The expansion of deportation flights won’t endear the Biden administration to its allies in immigration advocacy, but internally, it’s seen as a victory for the proper functioning of the DHS.

Officials are not quite as upbeat over the future of the USCIS, an agency primarily funded by immigrant application fees. Aside from its financing woes, it is stuck implementing a legal immigration system that the administration and its allies agree is outdated.

Immigration laws “are mismatched” to the economic needs of both migrants and the U.S. labor market, the official said.

That mismatch creates more unpaid work for the USCIS — humanitarian applications such as asylum don’t incur fees — and overloads CBP at the border with asylum claimants who, under a different legal framework, could have applied for a fee-incurring work visa and flown directly to their final destination.

Advocates understand that Congress has not budged on immigration law for decades, but they say the administration could amp up immigration processing, both at the DHS and in the Department of Justice’s Executive Office for Immigration Review — immigration court.

“The two biggest hurdles to a functioning system are pathways that meet the needs of the country — and that’s a matter of, you know, I think that’s a matter that’s more of a role of Congress than the agencies that are executing and implementing our laws. So I don’t think that the agencies are to blame there,” said Krish O’Mara Vignarajah, president of the Lutheran Immigration and Refugee Service.

“The other piece is just staffing. We live in, obviously, we live in an economy that reflects the job market. We don’t have nearly the staff that we need, whether we’re talking about asylum officers or immigration judges, and that is where I think the agencies could play a more proactive role.”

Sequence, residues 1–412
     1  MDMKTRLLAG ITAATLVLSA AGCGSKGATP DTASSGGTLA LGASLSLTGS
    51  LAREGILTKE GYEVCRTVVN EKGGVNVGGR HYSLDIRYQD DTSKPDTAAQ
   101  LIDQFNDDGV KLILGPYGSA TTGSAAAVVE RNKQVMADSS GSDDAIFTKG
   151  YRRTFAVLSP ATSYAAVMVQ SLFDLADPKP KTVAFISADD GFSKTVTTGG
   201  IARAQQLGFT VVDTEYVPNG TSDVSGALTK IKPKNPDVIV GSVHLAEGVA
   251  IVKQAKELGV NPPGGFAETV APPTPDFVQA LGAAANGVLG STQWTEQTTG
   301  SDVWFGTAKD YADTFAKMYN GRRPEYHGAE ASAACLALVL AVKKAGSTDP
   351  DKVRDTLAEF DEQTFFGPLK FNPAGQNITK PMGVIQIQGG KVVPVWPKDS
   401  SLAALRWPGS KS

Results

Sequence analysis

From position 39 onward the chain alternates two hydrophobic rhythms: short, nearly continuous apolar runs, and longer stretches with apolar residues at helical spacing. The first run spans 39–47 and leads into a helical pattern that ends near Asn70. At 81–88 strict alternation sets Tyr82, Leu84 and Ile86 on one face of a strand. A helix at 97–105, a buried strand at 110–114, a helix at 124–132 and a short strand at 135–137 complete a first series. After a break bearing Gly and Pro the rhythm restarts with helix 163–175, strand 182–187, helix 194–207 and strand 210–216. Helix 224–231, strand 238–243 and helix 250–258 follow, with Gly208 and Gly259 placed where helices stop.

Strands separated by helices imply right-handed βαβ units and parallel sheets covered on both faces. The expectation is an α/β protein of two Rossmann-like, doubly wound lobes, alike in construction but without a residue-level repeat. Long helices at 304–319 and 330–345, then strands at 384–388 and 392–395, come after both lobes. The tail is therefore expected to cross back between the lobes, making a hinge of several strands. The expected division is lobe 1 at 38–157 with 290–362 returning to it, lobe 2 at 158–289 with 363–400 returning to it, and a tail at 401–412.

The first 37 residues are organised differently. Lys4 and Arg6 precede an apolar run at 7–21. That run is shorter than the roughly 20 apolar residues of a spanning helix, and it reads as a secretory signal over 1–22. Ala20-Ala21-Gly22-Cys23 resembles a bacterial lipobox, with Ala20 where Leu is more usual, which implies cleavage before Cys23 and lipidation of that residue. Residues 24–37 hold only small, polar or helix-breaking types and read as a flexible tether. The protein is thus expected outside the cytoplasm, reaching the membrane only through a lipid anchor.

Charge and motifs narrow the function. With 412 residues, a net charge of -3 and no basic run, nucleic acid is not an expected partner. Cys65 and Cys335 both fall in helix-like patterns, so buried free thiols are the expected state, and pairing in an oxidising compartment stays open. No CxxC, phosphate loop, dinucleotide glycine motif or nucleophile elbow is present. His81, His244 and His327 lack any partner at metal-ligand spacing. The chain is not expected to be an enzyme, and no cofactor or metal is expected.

That’s a point of contention between the Biden administration and advocates.

Administration officials say asylum is being unfairly abused by economic migrants, and they emphasize the need for deterrence paired with expanded legal pathways.

“I think that the lesson we ought to have learned by now is that deterrence doesn’t work when desperate people are fleeing for their lives,” Vignarajah said.

With reforms to U.S. immigration laws and short-term solutions to poverty and instability in the Americas seemingly out of reach, advocates say success in addressing the present humanitarian challenge will ultimately be judged on higher standards.

“Do we have a system that reflects our role as a global humanitarian leader? Do we have a system that meets our economic and national security needs? And do we have a system that is true to our history in part as a nation of immigrants?” Vignarajah said.

Updated at 9:42 a.m. ET

Copyright 2023 Nexstar Media Inc. All rights reserved. This material may not be published, broadcast, rewritten, or redistributed.